In a time when the United States is faced with continued racism and social unrest, it is more important than ever to prepare teachers who can advocate for marginalized students and social justice. This article describes the evolution of a seminar course called Theory and Reality: Practicum in Math and Science Teaching in High-Need Schools within the context of a predominately White teacher-preparation program. Guided by scholars of culturally relevant education and our professional and personal journeys as equity-focused teacher educators, we sought to design experiences to prepare preservice science and mathematics teachers to teach in high-poverty or underfunded schools. Specifically, the course was intended to (1) develop an understanding of pedagogical practices and educational strategies for successful teaching in a high-need school setting, especially in mathematics and science classrooms, and (2) cultivate both cultural self-awareness and cross-cultural consciousness in one’s ability to adapt to the high-need environment in a culturally responsive way. We describe the evolutionary rationale for changes made to course assignments and readings to promote cultural competence and early advocacy skills for teacher candidates interested in teaching in schools facing poverty. We highlight preservice teachers’ reflections that evidence their early conceptualizations of teaching in a high-need school context and how assignments promoted their relationship-building and advocacy skills for marginalized students.
There appears to be consensus that the use of video in science teacher education can support the pedagogical development of science teacher candidates. However, in a comprehensive review, Gaudin and Chaliès (2015) identified critical questions about video use that remain unanswered and need to be explored through research in teacher education. A critical question they ask is, “How can teaching teachers to identify and interpret relevant classroom events on video clips improve their capacity to perform the same activities in the classroom?” (p. 57). This paper shares the efforts of a collaborative of science teacher educators from nine teacher preparation programs working to answer this question. In particular, we provide an overview of a theoretically-constructed video analysis framework and demonstrate how that framework has guided the design of pedagogical tools and video-based learning experiences both within and across a variety of contexts. These contexts include both undergraduate and graduate science teacher preparation programs, as well as elementary and secondary science methods and content courses. Readers will be provided a window into the planning and enactment of video analyses in these different contexts, as well as insights from the assessment and research efforts that are exploring the impact of the integration of video analysis in each context.
- Categories: Biological Sciences, Biology, Chemistry, Earth/Space Science, Elementary Education, Engineering, Environmental Science, Integrated STEM, Middle School, Physical Sciences, Physics, and Preservice Teacher Preparation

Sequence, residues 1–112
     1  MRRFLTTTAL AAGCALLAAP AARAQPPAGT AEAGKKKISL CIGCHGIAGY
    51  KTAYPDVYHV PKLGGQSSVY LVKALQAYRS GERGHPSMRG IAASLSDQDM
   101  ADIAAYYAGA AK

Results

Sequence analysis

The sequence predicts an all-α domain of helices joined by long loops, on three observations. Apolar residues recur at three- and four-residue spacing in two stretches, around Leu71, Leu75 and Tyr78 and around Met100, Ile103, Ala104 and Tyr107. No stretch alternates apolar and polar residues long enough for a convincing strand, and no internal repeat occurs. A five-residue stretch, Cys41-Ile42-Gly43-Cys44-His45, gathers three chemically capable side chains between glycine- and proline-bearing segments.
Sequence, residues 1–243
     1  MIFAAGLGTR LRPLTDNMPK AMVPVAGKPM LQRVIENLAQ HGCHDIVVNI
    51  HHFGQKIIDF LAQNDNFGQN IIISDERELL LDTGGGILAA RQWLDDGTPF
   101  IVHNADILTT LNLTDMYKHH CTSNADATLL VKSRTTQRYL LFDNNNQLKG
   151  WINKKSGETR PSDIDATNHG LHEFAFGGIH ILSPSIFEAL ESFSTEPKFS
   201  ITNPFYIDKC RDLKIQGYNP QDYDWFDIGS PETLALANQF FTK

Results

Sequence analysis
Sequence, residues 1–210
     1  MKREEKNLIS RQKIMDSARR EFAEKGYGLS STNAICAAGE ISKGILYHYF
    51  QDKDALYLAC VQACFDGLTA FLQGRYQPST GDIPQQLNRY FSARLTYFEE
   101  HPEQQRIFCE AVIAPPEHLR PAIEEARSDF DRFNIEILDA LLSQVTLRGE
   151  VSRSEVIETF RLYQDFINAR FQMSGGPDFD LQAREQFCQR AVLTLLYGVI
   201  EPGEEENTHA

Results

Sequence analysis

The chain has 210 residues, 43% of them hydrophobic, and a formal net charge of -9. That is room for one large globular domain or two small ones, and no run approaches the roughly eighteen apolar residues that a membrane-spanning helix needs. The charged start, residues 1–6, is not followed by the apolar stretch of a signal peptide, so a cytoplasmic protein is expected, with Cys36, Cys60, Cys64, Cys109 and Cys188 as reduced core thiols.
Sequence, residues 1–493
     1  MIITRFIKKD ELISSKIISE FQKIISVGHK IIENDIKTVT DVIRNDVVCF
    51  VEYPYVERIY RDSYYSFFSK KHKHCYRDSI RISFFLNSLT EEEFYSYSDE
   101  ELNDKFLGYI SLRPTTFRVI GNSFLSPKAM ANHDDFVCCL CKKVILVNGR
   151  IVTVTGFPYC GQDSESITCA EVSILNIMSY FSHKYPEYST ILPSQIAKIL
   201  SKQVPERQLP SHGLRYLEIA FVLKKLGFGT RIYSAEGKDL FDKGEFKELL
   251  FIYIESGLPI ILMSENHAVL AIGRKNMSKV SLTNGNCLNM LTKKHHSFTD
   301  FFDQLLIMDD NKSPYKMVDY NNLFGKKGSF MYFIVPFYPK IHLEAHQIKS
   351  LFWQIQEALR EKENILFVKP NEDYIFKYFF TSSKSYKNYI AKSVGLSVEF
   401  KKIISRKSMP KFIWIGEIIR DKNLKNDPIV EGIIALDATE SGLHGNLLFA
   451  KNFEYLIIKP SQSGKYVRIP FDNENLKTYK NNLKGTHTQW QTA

- Tags: framework, methodology, science, and teacher preparation
- Publication: Issue 2 and Volume 5
Undergraduate preservice teachers examined the Science Texts Analysis Model during a university course. The Science Texts Analysis Model is designed to support teachers as they help students prepare to engage with the arguments in science texts. The preservice teachers received instruction during class time on campus before employing the model when teaching science to elementary and middle school students in Baltimore city. This article describes how the preservice teachers applied their knowledge of the Science Texts Analysis Model within this real world context. Preservice teachers’ reactions to the methodology are examined in order to provide recommendations for future college courses.
We discuss how an innovative field experience model initially developed at Indiana University - Bloomington (IUB) is adapted for use at two other institutions. The teacher preparation programs at the two adapting universities not only differ from IUB, but also from each other with respect to course structure and student population. We begin with describing the original model, referred to as Iterative Model Building (IMB), and how it is designed to incorporate on a variety of research-based teacher education methods (e.g., teaching experiment interviews and Lesson Study) for the purpose of supporting preservice teachers with constructing models of children’s thinking, using this information to inform lesson planning, and then participating in a modified form of lesson study for the purpose of reflecting on changes to the lesson taught and future lessons that will be taught in the field experience. The goal of these combined innovations is to initiate the development of preservice teachers’ knowledge and skill for focusing on children’s scientific and mathematical thinking. We then share how we utilize formative assessment interviews and model building with graduate level in-service teachers at one institution and how the component of lesson study is adapted for use with undergraduate preservice teachers at another institution. Finally, we provide recommendations for adapting the IMB approach further at other institutions.